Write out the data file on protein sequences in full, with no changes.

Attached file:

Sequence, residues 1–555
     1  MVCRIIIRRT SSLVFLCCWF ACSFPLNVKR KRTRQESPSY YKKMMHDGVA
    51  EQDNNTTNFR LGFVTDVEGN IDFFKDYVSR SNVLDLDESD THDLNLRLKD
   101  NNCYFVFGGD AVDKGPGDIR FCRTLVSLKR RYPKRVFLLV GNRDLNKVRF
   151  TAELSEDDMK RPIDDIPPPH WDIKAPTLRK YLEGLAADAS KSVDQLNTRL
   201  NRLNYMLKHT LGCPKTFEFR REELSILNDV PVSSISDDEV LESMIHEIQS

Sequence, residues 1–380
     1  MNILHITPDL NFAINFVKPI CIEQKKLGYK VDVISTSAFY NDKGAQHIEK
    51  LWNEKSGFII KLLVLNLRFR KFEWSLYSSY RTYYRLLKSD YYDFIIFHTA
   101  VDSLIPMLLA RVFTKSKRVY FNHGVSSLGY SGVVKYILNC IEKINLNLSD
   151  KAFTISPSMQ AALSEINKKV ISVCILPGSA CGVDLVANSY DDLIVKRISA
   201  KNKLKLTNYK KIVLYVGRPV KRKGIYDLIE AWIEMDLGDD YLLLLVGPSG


Sequence, residues 1–555
     1  MVCRIIIRRT SSLVFLCCWF ACSFPLNVKR KRTRQESPSY YKKMMHDGVA
    51  EQDNNTTNFR LGFVTDVEGN IDFFKDYVSR SNVLDLDESD THDLNLRLKD
   101  NNCYFVFGGD AVDKGPGDIR FCRTLVSLKR RYPKRVFLLV GNRDLNKVRF
   151  TAELSEDDMK RPIDDIPPPH WDIKAPTLRK YLEGLAADAS KSVDQLNTRL
   201  NRLNYMLKHT LGCPKTFEFR REELSILNDV PVSSISDDEV LESMIHEIQS

Sequence, residues 1–380
     1  MNILHITPDL NFAINFVKPI CIEQKKLGYK VDVISTSAFY NDKGAQHIEK
    51  LWNEKSGFII KLLVLNLRFR KFEWSLYSSY RTYYRLLKSD YYDFIIFHTA
   101  VDSLIPMLLA RVFTKSKRVY FNHGVSSLGY SGVVKYILNC IEKINLNLSD
   151  KAFTISPSMQ AALSEINKKV ISVCILPGSA CGVDLVANSY DDLIVKRISA
   201  KNKLKLTNYK KIVLYVGRPV KRKGIYDLIE AWIEMDLGDD YLLLLVGPSG